US957911229 Jun 201528 Feb 2017Materialise N.V.Patient-specific computed tomography guides
US959720115 Sep 201521 Mar 2017Biomet Manufacturing, LlcPatient-specific acetabular guide for anterior approach
US96036131 Aug 201628 Mar 2017Biomet Manufacturing, LlcPatient-specific sacroiliac guides and associated methods
US966212713 Dec 201330 May 2017Biomet Manufacturing, LlcPatient-specific acetabular guides and associated instruments
US966221628 Oct 201330 May 2017Biomet Manufacturing, LlcPatient-specific hip joint devices
US966874725 Sep 20156 Jun 2017Biomet Manufacturing, LlcPatient-specific-bone-cutting guidance instruments and methods
US967540019 Apr 201113 Jun 2017Biomet Manufacturing, LlcPatient-specific fracture fixation instrumentation and method
US96872617 Jul 201527 Jun 2017Biomet Manufacturing, LlcDrill guides for confirming alignment of patient-specific alignment guides
US970032512 Jan 201711 Jul 2017Biomet Manufacturing, LlcMulti-point fit for patient specific guide
US970032916 Nov 201611 Jul 2017Biomet Manufacturing, LlcPatient-specific orthopedic instruments
US97175105 May 20141 Aug 2017Biomet Manufacturing, LlcPatient-specific numerically controlled instrument
US974393517 Dec 201529 Aug 2017Biomet Manufacturing, LlcPatient-specific femoral version guide
US974394013 Feb 201529 Aug 2017Biomet Manufacturing, LlcPatient-specific partial knee guides and other instruments
US97572381 Dec 201412 Sep 2017Biomet Manufacturing, LlcPre-operative planning and manufacturing method for orthopedic procedure
US97953999 Jul 201424 Oct 2017Biomet Manufacturing, LlcPatient-specific knee alignment guide and associated method
US20050283253 *22 Aug 200522 Dec 2005Coon Thomas MKnee arthroplasty prosthesis and method
US20070288030 *31 May 200713 Dec 2007Biomet Manufacturing Corp.Patient Specific Knee Alignment Guide And Associated Method
US20080114370 *4 Feb 200815 May 2008Biomet Manufacturing Corp.Patient-Specific Alignment Guide For Multiple Incisions
US20080312659 *9 Jan 200818 Dec 2008Biomet Manufacturing Corp.Patient specific alignment guide and inter-operative adjustment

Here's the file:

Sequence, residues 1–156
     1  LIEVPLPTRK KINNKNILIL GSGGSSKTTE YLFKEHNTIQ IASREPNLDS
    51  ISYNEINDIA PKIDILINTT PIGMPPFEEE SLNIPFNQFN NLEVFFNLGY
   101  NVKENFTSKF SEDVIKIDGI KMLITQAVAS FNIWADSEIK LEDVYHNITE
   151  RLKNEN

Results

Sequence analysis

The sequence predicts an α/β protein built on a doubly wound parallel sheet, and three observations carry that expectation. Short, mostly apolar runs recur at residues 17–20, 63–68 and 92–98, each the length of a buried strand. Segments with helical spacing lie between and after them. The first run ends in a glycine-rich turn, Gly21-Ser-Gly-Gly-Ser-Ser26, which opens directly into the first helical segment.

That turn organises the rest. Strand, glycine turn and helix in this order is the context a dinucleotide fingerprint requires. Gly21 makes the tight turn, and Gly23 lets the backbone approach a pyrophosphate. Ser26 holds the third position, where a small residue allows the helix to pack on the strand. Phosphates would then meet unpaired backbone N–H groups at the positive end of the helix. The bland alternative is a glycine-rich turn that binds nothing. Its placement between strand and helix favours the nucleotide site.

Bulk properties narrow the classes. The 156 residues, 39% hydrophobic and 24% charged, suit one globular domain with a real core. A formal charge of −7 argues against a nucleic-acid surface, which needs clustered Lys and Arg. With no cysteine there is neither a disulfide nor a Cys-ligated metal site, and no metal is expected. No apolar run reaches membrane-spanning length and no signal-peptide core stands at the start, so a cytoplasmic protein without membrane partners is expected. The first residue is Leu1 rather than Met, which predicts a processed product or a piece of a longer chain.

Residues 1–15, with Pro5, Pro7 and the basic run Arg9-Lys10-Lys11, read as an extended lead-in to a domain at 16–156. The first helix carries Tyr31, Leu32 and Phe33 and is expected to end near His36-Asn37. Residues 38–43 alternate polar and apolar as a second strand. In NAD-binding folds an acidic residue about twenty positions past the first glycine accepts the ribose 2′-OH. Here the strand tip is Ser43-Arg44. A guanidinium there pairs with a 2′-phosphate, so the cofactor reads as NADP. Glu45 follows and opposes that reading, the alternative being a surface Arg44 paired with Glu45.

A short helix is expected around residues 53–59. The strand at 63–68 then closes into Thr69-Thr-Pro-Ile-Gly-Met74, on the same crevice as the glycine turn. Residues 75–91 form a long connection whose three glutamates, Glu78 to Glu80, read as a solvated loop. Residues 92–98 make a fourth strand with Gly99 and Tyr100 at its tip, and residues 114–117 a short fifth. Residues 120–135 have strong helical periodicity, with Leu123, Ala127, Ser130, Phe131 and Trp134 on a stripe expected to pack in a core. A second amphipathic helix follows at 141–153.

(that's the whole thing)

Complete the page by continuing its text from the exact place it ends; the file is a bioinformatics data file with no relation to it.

US20090024131 *16 Sep 200822 Jan 2009Biomet Manufacturing Corp.Patient specific guides
US20090151736 *13 Feb 200918 Jun 2009Biomet Manufacturing Corp.Method And Apparatus For Manufacturing An Implant
US20090163922 *20 Feb 200925 Jun 2009Biomet Manufacturing Corp.Patient Specific Acetabular Guide And Method
US20090254093 *18 Jun 20098 Oct 2009Biomet Manufacturing Corp.Patient-Specific Alignment Guide
US20100087829 *1 Oct 20098 Apr 2010Biomet Manufacturing Corp.Patient Specific Alignment Guide With Cutting Surface and Laser Indicator
US20100152782 *26 Feb 201017 Jun 2010Biomet Manufactring Corp.Patient Specific High Tibia Osteotomy
US20110015636 *22 Sep 201020 Jan 2011Biomet Manufacturing Corp.Patient-Specific Elbow Guides and Associated Methods
US20110092804 *20 Dec 201021 Apr 2011Biomet Manufacturing Corp.Patient-Specific Pre-Operative Planning
US20110093086 *23 Dec 201021 Apr 2011Witt Tyler DPatient-Specific Hip Joint Devices
US20110160736 *7 Mar 201130 Jun 2011Biomet Manufacturing Corp.Patient-specific femoral guide
US20110166578 *7 Mar 20117 Jul 2011Biomet Manufacturing Corp.Alignment guides with patient-specific anchoring elements
US20110172672 *10 Mar 201114 Jul 2011Biomet Manufacturing Corp.Instrument with transparent portion for use with patient-specific alignment guide
US20110184526 *7 Apr 201128 Jul 2011Biomet Manufacturing Corp.Patient-modified implant
US20110190899 *15 Mar 20114 Aug 2011Biomet Manufacturing Corp.Patient-specific augments
US20110213376 *12 May 20111 Sep 2011Biomet Sports Medicine, LlcPatient-Specific Osteotomy Devices and Methods
US20110218545 *3 Mar 20118 Sep 2011Biomet Manufacturing Corp.Patient-specific computed tomography guides
Legal Events
DateCodeEventDescription
28 Sep 2012FPAYFee payment
Year of fee payment: 4
20 Oct 2016FPAYFee payment
Year of fee payment: 8